intellectual disabilities whose

behavior challenges

N. O’Kane

, I. Hall

East London NHS Foundation Trust, Community Learning Disability

Service, London, United Kingdom

Corresponding author.


In May 2015, NICE published guidelines for people

with intellectual disabilities whose behavior challenges (NG11).

Eight quality standards were subsequently developed by NICE to

help service providers, health and social care practitioners and

commissioners implement the necessary recommendations within

the new NG11 guidelines.


We used a Quality Improvement (QI) methodology

including process mapping, driver diagrams, and fortnightly QI

team meetings. We conducted a baseline audit of the quality

standards and used Plan-Do-Study-Act (PDSA) cycles to pilot inter-

ventions generated by the team to improve compliance with the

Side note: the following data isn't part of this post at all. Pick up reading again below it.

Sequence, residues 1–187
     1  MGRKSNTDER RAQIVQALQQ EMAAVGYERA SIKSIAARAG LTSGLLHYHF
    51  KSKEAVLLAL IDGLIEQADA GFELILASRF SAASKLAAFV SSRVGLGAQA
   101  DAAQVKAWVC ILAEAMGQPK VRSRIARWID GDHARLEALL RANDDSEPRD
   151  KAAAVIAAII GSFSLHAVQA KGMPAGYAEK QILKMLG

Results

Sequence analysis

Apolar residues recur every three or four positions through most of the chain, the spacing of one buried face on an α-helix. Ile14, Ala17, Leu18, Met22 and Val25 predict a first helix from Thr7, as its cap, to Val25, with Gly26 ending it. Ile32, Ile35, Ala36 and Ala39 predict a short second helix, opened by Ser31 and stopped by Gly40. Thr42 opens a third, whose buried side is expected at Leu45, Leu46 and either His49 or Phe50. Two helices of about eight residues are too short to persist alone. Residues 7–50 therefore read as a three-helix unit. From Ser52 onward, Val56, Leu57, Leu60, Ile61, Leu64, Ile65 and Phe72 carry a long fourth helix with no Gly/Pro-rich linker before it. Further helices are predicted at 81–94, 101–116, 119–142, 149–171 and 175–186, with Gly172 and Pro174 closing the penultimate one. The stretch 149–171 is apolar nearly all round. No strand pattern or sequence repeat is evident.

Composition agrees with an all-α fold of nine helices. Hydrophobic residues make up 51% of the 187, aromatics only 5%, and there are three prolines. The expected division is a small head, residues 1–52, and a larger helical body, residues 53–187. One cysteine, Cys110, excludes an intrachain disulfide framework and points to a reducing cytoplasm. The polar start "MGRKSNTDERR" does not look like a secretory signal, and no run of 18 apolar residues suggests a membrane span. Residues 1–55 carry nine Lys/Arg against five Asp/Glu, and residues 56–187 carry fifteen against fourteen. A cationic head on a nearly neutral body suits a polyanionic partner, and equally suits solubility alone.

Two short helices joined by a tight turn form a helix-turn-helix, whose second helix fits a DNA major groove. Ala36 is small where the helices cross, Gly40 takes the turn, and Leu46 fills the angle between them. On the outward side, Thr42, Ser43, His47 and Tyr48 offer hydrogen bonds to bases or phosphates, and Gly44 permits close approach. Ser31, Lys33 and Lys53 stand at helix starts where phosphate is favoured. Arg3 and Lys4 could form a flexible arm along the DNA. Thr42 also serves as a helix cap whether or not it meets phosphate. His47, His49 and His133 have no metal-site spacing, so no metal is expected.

Baseline compliance with the quality standards was low.

We identified four priority areas for intervention: annual physical

health checks, recording the indication of medication, multidisci-

plinary case discussion and concurrent psychosocial interventions

for those prescribed medications for challenging behavior. Using a

PDSA cycle for each intervention, we have demonstrated improved

compliance with the NG11 guidelines. Compliance for the recor-

ding of indication of medication for all case reviews was previously

0% and now 100%. At least one target case is discussed at each MDT

team meeting. Full results for annual health checks are awaited,

but intervention has already shown an improvement in the uptake

from 40% to 70%. Staff and carers knowledge of psychosocial

interventions for people with challenging behavior showed an

improvement after training.


Quality Improvement methodology was successful

in improving adherence to NG11 guidelines. We are currently

assessing whether this is leading to reductions in challenging

behavior and improvements to people’s well-being.

Disclosure of interest

The authors have not supplied their decla-

ration of competing interest.


An online survey of the stigma

attached to psychiatry and

psychiatrists in India

P. Jadhav

1 ,

, A. Dhandapani


, S. Hatti


, S. Armugam